- Narratology and screenwriting
- International literature and cinema of science fiction and speculative fiction
- Utopian, Dystopian, Apocalyptic, and Post-apocalyptic literature and cinema
- The literature of Future Studies and Utopian Studies
- Anthropological, ethnographic, nature, and travelogue documentary film
- Philosophical, technical, and scientific areas such as: transhumanism, political ideologies, biophysical economics, systems science, constructed languages, emerging technologies
- Organizations, projects, or ideas similar to The Venus Project, such as Copionics, Design Science/World Game, Technocracy, Post-Scarcity economics
- Viewpoints critical of The Venus Project and antithetical points of view including, technophobia, neo-luddism, primitivism, libertarianism
- Market and industry conditions, crowdsourcing and fanfiction
- Tropes and cliches in narratives
- Contemporary cultural trends, global problems, activism and social movements, social media, propaganda techniques, edutainment, social engineering, cultural assimilation, change management
- And a review of past scripts, Fresco’s lectures and writings, and related documents.
This agenda grew to encompass other, more foundational areas including project management, creativity, learning, lean methodology, and transmedia storytelling. Research Nathanael’s research process employed both algorithmic and heuristic techniques for 1.) accounting and surveying above sources through databases, encyclopedias, and syllabi of curricula, 2.) a discriminatory selection and examination of sources using techniques of time compression, and 3.) extraction of information into notes. Parts of the research agenda are still underway. Nonetheless, other phases have proceeded concurrently. Programming The concept of “programming” is borrowed from the practice of “architectural programming.” Some have drawn parallels between the process of drawing a blueprint and the process of writing a script, especially when it needs to serve an end function or mission (purpose-driven design). In both cases, data must be gathered, problems must be identified, functions must be determined, goals must be stated, and these considerations should determine decisions that define an appropriate design solution. The creation of a story turns on the axis of decision making. Although these are “creative decisions” that in artful contexts are often more arbitrary, efforts have been made, in our case, to “arrive at decisions,” even within storytelling. This makes the process something akin to engineering. This is no surprise considering that, by extension, the film itself and its story are intended to function as an instrument of social engineering. Unfortunately, this has not yet been formalized and standardized to streamline development like other forms of engineering, until now with transmedia storytelling (described later). In programming, a number of goals, constraints, and challenges were identified.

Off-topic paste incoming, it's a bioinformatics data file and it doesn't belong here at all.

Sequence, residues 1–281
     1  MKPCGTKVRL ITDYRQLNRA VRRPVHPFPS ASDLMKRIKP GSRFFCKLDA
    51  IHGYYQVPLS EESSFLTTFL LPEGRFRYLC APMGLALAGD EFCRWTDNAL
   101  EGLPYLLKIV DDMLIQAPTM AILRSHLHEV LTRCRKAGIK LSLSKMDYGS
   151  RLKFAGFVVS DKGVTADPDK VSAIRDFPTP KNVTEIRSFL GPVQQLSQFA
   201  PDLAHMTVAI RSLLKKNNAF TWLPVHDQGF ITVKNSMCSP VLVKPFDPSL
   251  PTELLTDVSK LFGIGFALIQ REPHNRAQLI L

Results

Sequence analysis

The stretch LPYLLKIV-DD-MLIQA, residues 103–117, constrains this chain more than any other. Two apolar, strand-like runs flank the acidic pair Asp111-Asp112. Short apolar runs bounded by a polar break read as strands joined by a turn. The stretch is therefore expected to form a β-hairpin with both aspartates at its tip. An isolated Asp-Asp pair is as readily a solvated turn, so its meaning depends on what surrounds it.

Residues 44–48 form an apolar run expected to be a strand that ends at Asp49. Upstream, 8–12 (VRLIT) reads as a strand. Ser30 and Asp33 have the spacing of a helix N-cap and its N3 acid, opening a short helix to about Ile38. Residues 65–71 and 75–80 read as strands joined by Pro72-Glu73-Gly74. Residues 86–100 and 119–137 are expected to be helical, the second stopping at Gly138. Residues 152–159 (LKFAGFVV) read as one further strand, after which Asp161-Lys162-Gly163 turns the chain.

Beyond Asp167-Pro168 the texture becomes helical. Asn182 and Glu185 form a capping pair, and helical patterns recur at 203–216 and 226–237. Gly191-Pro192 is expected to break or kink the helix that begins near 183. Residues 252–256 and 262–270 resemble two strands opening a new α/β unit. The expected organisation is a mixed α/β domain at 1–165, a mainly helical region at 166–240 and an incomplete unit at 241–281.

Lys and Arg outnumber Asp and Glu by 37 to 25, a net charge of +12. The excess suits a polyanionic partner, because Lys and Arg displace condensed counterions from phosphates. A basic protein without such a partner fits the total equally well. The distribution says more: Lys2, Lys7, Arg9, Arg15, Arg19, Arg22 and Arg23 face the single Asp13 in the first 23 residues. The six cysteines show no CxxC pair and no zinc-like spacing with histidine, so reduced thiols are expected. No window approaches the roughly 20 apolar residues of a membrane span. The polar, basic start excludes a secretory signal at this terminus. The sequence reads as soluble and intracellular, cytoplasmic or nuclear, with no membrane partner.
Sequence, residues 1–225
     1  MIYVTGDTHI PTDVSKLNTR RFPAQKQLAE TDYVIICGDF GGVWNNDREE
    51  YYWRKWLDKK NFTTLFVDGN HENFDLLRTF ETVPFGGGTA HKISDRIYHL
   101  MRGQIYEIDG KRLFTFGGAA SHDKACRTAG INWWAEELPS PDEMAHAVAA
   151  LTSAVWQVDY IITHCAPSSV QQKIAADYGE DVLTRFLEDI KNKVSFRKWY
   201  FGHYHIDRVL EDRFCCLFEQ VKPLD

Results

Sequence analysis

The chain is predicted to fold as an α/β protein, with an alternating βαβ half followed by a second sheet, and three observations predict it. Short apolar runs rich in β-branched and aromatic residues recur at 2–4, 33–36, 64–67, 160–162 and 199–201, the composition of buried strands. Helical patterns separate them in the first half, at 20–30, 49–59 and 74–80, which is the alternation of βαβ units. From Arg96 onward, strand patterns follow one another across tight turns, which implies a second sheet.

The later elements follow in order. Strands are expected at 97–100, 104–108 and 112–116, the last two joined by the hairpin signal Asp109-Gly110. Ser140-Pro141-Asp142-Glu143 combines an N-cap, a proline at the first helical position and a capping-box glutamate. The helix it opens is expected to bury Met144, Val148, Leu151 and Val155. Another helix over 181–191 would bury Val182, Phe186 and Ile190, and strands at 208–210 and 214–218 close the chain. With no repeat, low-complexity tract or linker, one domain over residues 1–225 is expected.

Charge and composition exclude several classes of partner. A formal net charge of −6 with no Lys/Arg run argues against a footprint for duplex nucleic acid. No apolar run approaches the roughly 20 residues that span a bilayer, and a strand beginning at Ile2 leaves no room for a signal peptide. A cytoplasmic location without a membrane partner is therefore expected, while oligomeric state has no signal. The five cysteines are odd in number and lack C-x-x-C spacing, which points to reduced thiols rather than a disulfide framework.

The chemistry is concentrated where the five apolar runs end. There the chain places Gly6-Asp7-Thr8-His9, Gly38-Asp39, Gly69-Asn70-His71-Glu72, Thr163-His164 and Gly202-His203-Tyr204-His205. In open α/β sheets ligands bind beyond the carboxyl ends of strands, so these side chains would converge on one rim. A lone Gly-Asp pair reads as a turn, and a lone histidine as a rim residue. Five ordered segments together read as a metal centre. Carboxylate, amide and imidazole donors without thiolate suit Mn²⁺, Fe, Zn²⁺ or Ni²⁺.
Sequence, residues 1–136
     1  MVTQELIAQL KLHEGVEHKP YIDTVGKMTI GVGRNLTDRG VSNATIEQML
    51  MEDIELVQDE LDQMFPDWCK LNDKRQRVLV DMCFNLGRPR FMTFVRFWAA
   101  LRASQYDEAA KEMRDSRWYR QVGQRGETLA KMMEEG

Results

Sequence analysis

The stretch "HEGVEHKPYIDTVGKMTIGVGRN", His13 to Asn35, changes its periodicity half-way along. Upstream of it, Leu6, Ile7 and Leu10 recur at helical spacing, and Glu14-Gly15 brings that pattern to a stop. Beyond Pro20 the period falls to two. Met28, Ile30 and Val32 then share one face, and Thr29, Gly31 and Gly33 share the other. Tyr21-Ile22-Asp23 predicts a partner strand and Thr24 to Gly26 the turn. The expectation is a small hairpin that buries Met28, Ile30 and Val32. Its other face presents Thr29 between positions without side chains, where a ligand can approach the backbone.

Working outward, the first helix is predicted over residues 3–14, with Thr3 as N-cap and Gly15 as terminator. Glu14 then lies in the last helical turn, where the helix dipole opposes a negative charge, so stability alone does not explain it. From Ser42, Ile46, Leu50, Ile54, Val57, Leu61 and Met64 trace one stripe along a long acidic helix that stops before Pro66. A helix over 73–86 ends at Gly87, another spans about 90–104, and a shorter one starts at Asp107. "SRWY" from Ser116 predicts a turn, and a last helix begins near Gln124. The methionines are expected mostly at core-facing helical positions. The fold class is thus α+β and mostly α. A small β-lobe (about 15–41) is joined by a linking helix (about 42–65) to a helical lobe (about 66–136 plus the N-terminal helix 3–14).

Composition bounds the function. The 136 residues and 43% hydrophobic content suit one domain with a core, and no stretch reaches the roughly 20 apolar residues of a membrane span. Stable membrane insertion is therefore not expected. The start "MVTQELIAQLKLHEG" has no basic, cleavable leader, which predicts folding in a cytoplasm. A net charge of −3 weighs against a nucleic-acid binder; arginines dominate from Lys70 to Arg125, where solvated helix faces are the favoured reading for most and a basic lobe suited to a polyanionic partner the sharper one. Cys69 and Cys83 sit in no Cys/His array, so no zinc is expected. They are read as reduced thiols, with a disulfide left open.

- The aforementioned problems of excessive exposition and translating the information into sequences of compelling events. That is, discretely walking the fine line between education and entertainment.
- The aforementioned problems of perpetuating a socially detrimental value system in action and dialogue. That is, telling a story about a society where the usual interhuman conflicts and destructive behavior (that drives and carries most plots) are eliminated, while still telling a story that is engaging, dramatic, and emotionally moving to the audience.
- Remaining true to The Venus Project’s vision while updating specific areas to appeal to contemporary sensibilities. There is a diverging impulse to use both what Fresco envisioned but also to integrate other ideas. The challenge is in giving utilitarian consideration to both and objectively balancing the outcome.
- Maintaining a competent futurology, extrapolating a plausible set of circumstances in the future from initial assumptions and current trends and trajectories.
- Simplifying ideas for the audience, yet not to the point of distortion.
- Showing an alternative social system to the audience that they accept/want/prefer, meanwhile not unnecessarily plugging today’s values into the future merely to help the audience relate to it, while still making the story and characters relatable.
- Showing a future world of a sufficiently broad scale to improve chances of a film series or television series, or more, developing from it.
- Rendering the presentation in a way that does not undermine the seriousness of The Venus Project’s mission, such as making it look as fictional as the movie.
- Making an unprecedented work of futurology and social theory expressed as science fiction.
- The classic problem of imagining how the “transition” unfolds.
Other considerations went to target audience, vision fidelity, and film function. Usual demographic factors include age, sex, education level, income level, occupation, religion, political orientation, and the psychometric dimensions of personality including honesty-humility (H), emotionality (E), extraversion (X), agreeableness (A), conscientiousness (C), and openness to experience (O). The resulting targeting for general audience reduced to 18-34 year-old males of college-equivalent education or higher, of lower-income and technical occupations, who are non-religious and liberal left in political orientation, and score high in H, A, C, and O. These may be abstracted to encompass more specific categories to which we hope to appeal. They include:
- Scientific Community
- Intellectuals / Film Critics
- Silicon Valley, IT world, transhumanists, singularity techno-enthusiasts
- The The Venus Project/Zeitgeist support-base
- Science Fiction fanbase
- Left liberal political activists